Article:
Early this week on October 16th, Apple announced some new additions of iPads, and a brand new 5K 27’’ iMac. However, there is also an interesting news from the announcement that introduced a brand new update to the existing Mac Mini. This new update of Mac Mini marks the end of a 2 year draw. Apple also quietly dropped the base model of the new Mac Mini to the starting price of $499. This marks a very attractive entry price for people who want to explore the Mac world with limited budget in their pocket.
If you are a long time reader of this blog, you might know that we have a series extensive coverage on how to build a Hackintosh from selecting hardware to installing the operating system. It’s a fun and rewarding process if you are geeky enough in pursing the thrill of building you own Mac from a wide range of hardware selections with the result that is so rewarding. However, a Hackintosh is still a compromised version of Mac that doesn’t always equal a native Mac. Even though it runs Mac OS X natively, you might still not gain all the features a native Mac has, even comparing to the cheapest Mac Mini model.
Here, we listed some of the Pros and Cons in greater details on what you are gaining and losing when you buying a cheapest Mac Mini vs building your own Hackintosh. Hopefully after this, you will have a better idea of what you want to achieve.
Pros (of buying a Mac Mini vs Build your own Hackintosh)
- Save time on selecting all the different hardware and waiting for them to be shipped
- This can be arguable in both ways. The way I see it, this is a gain, because selecting the hardware you want can be a daunting process especially when you are not familiar with the choice of the hardware. Keeping up to date of the hardware selection by itself can be a challenge. Don’t even mention the amount of pieces you need to compare and pick. You also save time on the shipment of waiting individual hardware to come, and the possibility of receiving a defect component. When you are buying a Mac Mini from Apple, you can always expect receiving a decent machine designed and manufactured by Apple, a brand dedicated to quality.
- Do not worry on all future update incompatibilities
- By having a true Mac over a Hackintosh, you will not worry what happens next year when a new version of OS X is released… will the hardware that you bought today still be supported next year and the year after? Those are the questions you don’t need to worry. That by itself to me is a huge plus, but if you are ambitious and don’t mind the challenges year over year of maintaining a stable Hackintosh up to date then this won’t be an issue.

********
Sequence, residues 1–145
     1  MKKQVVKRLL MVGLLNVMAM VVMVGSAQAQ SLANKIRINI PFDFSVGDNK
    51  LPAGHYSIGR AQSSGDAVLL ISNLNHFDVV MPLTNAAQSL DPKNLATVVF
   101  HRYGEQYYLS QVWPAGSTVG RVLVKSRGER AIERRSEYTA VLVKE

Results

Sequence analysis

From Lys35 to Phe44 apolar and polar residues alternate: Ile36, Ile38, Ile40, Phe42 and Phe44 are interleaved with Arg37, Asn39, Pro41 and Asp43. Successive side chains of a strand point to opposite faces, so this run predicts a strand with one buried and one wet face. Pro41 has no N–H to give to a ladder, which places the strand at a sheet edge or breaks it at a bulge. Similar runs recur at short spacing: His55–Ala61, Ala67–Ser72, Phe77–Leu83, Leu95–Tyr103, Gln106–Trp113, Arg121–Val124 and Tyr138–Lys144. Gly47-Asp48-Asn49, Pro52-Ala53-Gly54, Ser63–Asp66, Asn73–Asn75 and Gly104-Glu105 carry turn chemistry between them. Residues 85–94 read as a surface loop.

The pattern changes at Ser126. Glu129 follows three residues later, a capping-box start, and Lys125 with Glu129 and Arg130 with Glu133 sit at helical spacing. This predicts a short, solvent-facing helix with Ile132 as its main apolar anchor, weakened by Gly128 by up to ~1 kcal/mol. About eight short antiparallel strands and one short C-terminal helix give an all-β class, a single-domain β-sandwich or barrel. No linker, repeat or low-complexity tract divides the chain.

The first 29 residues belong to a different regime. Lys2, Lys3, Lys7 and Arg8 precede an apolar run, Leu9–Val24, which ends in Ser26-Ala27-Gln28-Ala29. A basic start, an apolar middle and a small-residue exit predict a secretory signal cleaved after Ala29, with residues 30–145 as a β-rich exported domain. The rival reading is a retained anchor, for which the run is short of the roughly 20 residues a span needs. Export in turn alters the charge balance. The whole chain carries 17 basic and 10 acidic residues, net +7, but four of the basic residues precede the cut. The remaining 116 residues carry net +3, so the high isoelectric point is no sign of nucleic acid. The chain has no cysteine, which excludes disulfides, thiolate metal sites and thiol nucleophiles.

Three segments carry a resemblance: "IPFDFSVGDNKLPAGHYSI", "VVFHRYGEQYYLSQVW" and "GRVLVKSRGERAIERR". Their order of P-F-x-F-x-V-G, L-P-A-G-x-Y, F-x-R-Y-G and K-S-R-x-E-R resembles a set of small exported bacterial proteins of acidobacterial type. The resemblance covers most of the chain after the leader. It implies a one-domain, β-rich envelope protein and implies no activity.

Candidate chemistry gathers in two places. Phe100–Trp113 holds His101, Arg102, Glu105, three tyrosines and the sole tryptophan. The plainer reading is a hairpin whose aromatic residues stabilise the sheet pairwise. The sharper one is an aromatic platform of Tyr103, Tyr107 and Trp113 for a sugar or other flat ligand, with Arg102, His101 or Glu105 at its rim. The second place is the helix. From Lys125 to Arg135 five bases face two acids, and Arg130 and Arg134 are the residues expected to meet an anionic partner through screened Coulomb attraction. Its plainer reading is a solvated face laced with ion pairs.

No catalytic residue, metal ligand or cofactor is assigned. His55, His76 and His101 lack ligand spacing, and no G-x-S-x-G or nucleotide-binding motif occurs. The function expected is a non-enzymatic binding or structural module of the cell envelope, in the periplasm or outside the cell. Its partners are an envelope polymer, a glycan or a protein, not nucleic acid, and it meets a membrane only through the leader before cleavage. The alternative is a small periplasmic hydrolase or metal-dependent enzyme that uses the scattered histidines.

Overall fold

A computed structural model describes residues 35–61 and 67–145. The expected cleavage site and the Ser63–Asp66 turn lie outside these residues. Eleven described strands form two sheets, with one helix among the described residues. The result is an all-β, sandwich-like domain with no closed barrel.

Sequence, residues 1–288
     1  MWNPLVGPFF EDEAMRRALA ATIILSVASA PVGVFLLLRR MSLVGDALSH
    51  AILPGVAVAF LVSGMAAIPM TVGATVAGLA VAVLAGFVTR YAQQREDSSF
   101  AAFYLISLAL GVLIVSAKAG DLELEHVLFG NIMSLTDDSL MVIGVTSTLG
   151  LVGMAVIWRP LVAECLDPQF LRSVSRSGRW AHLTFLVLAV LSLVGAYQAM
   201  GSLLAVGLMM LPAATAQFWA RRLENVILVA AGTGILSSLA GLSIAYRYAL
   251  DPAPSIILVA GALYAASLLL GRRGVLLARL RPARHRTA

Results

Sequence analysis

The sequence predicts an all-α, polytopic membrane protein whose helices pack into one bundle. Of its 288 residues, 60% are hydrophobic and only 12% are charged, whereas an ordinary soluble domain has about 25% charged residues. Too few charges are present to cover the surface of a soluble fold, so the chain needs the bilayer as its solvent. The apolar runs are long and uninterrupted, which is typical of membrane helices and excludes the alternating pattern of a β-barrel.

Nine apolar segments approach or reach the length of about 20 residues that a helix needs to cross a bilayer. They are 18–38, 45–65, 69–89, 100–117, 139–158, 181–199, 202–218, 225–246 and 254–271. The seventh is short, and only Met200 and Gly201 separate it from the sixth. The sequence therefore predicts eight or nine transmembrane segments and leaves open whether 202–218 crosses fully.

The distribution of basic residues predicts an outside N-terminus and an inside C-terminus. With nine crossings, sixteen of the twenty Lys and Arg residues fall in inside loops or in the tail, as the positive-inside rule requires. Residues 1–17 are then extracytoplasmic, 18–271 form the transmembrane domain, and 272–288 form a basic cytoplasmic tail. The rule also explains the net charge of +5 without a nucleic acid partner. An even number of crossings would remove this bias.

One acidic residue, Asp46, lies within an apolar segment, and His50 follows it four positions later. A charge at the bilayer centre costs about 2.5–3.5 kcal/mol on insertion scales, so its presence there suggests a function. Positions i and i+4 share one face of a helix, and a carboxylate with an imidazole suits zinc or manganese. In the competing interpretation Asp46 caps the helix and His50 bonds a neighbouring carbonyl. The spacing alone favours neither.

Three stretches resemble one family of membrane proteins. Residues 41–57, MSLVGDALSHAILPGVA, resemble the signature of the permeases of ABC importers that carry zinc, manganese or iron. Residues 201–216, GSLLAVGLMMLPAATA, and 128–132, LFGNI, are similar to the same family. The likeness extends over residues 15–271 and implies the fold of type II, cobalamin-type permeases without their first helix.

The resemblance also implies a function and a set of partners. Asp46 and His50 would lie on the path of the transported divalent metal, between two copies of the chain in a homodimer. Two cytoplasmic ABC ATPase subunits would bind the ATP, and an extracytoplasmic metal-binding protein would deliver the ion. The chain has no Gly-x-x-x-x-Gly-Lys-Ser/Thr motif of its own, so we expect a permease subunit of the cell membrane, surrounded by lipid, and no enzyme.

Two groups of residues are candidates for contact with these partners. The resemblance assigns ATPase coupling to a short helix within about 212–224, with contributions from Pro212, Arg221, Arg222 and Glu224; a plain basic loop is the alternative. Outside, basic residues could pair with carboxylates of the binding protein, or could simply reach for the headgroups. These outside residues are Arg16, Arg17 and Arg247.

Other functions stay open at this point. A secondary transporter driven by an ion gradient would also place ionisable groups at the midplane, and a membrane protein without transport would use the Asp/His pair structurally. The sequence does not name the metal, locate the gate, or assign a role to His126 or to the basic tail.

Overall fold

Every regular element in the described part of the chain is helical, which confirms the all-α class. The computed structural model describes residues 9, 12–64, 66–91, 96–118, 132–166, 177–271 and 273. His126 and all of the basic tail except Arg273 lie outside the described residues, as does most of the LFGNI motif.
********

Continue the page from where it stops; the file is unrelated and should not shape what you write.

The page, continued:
- Small footprints than any other micro ATX motherboard based Hackintosh
- There is no way your customized Hackintosh can be as efficient of putting all the hardware together as the Mac mini. Even with the smallest Micro ATX motherboard and a compact case, you are still looking at double the size of a Mac mini in your room or on your desk. If spacing isn’t a concern then this won’t be affecting you.
- Runs Windows perfectly
- Switching between Mac and PC are as easy as holding an Option Key during the boot up. Apple has updated Boot Camp to support Windows 8.1 and installing Windows on a Mac are easier than ever. By getting a Mac you will not loss a bit from PC, and all the years of experiencing of using Windows. Windows runs natively and perfectly fine on Mac.
- Thunderbolt 2, HDMI and all other additional I/O supported out of box
- Thunderbolt 2 is something Apple invented, very few third-party motherboards out there have this port available. Even some do, they may not be working when you install the Hackintosh. This also include other ports like HDMI, SD cards, and USB 3.0, proven to be difficult to make it work. That’s another huge gain if you want to use the computer to connect to other media devices.
- Faster Wi-Fi with 802.11ac, native Bluetooth 4.0 support (all underline hardware and software integration)
- Similar to the point above, by having those key hardware components working out of the box you will save a lot of frustrations on troubleshooting why some features don’t work. For instance, the latest OS X Yosemite’s continuity feature will not work if your Wi-Fi and Bluetooth model are not supported.
Cons (of buying a Mac Mini vs Build your own Hackintosh)
- Dollar per performance ratio is low compare to a Hackintosh with same budget
- This is the biggest drawback when buying an entry-level Mac from Apple vs putting your own hardware together. It is guaranteed that you will get more of out the money you spent on the hardware for the same amount of money you spent on a cheap Mac mini. And if you ever change your mind and don’t like the way OS X works, you can always go back to PC. But with a cheap Mac it isn’t very worth it to begin with.
- RAM not upgradeable (also hard drive can still be upgraded)
- This is a change since previous model, the latest Mac Mini (late 2014) has RAM soldered on the motherboard. Hence you will not be able to upgrade the RAM whatsoever. It hurts the lifetime of the machine. It might not be an issue for some people but will certainly do for others. When deciding approaching to get a Mac Mini, keep in mind that you will not be able to upgrade beyond the base 4GB RAM that comes with the machine. However, you can still upgrade the hard drive. Looking inside the machine there is also enough room for a second hard drive to be installed.
- Lack of customization and upgrade options can be pricey
- You don’t have much to choose from, and the upgrade path from the base model are extremely steep. If you do choose to upgrade, this will further magnify the cons in dollar per performance as the ratio will be reduced even further. Questions would then be, does it really worth it ?
Co-founder of Next of Windows and a cool geek 🙂
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Last updated: 11/09/2014